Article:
The BDF held a press conference on Friday, the first of its kind since Danny Conorquie was murdered at the Caracol site on September 25th. National Security issues have come into the public domain since that day, hard and furious. Several other incidents of national security occurred since Mr Conorquie’s death, including the armed Guatemalan villagers who went to Valentin and threatened Belizean workers and BDF as well as the realization that Guatemalans were building a Belizean Security Fort on Hunting Caye.
The purpose of Friday’s press conference was to update on what the BDF has done since then and what they intend to do to address National Security issues.
Brigadier General David Jones started off by detailing some of the problems that BDF encounters as they patrol the border or carry out intensive quarterly gallops.
“The issues along the Chiquibul / Caracol Archaeological Reserve is an existential threat to Belizeans and to Belize. There are a lot of dangerous activities happening in that area.
To start with, there’s a lot of agricultural incursion, illegal logging, Xate cultivation, gold panning, mining, hunting, poaching of our animals, cattle grazing, even surveying of lands, occurring in the area.
Apart from the areas in the Chiquibul, the entire north and south of the country, there is a lot of contraband activities happening cross border between Belize/Guatmala, also between Belize and Mexico, and there is a lot of drug trafficking activity that occurs in these areas.”
At least 14 Guatemalan villages impact the Chiquibul area, as Belize shares 133 miles of border with Guatemala. Of those 133 miles, 51 miles are considered as a hot zone, 19 of which is the Chiquibul.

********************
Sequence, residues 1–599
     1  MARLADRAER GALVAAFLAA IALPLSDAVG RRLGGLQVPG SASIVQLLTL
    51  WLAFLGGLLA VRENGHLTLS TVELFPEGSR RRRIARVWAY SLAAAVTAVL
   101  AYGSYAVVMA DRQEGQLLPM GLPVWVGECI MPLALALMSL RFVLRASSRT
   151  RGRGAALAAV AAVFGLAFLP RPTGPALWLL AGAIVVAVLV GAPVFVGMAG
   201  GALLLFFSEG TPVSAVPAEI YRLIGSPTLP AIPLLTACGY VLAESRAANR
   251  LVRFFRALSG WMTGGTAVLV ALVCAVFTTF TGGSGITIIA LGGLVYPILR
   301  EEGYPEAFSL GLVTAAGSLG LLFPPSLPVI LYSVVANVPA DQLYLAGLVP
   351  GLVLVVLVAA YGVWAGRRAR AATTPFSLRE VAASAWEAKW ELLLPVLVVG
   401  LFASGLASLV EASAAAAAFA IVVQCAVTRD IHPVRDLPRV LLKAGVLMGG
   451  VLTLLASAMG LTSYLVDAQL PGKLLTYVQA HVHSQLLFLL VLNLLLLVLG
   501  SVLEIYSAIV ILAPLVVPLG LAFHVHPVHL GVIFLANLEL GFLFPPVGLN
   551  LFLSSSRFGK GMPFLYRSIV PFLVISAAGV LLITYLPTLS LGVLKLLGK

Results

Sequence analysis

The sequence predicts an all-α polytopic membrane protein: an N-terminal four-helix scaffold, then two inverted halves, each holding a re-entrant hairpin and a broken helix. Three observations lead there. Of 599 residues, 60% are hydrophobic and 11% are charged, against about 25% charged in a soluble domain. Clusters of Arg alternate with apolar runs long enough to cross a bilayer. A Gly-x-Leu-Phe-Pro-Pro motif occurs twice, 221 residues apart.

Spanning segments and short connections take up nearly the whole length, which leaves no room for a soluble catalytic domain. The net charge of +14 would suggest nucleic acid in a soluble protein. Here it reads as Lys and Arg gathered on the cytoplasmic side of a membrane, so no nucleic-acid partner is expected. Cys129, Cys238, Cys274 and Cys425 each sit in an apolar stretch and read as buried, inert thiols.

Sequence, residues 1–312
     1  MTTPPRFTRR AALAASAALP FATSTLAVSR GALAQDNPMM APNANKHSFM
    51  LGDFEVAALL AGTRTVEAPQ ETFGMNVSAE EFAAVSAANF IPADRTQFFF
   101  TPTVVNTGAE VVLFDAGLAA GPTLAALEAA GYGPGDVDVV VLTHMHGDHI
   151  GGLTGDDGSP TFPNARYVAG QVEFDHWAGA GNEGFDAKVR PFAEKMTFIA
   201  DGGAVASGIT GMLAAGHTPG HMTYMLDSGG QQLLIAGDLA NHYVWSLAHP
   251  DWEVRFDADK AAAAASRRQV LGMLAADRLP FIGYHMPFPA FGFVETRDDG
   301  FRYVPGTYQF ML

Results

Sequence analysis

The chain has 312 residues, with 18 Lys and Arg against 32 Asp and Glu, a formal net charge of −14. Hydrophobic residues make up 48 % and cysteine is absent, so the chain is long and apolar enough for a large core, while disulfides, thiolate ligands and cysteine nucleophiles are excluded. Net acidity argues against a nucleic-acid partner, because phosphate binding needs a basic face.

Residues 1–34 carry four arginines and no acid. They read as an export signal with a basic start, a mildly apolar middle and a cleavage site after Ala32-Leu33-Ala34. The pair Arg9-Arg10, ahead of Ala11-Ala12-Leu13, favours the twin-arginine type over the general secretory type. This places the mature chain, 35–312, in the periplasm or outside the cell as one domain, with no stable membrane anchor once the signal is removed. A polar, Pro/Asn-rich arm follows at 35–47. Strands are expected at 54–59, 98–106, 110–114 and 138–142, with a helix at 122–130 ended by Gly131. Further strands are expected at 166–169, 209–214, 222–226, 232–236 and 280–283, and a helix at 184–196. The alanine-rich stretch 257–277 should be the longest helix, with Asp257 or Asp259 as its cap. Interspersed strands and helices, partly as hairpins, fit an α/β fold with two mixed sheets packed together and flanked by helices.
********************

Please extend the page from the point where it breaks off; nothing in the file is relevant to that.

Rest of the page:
According to David Jones, when American helicopters help BDF, the helicopters stop at the adjacency zone and they must walk into the zone to the line about a mile. Guatemalans found are “escorted back” across the line and not arrested. The most recent gallop was conducted on September 26, one day after Danny Conorquie’s murder.
“We take charge of the operation, the BDF. We normally take Special Police Units with us, members from FCD, sometimes Forestry, and these operations primarily are concentrated in the Chiquibul and the Caracol Archaeological Reserve.
The plantations were in excess of over 35 acres. A number of the patrols that have destroyed some of these plantations did not record the exact size, so it would definitely be in excess of 50 acres of plantations that were destroyed in this second operation.
Various clearances were found, and pastures were found in the area, even cattle were grazing in some of the areas that we found. 6
Guatemalans were detained during this second operation and they were released. They weren’t found with anything illegal, but they were escorted back across the border into Guatemala.
During the operation, as normal there has been a network of roads and tracks that we’ve discovered. These lead east to west. So from inside Guatemala they come into Belize. They come in to do their illegal activities, be it either extracting Xate or logwood, mostly logwood, and then what has been prominent now, apart from the planting of vegetation, marijuana is being planted a lot in our country, and we suspect it’s mainly from Guatemalans, because it’s so close to the border.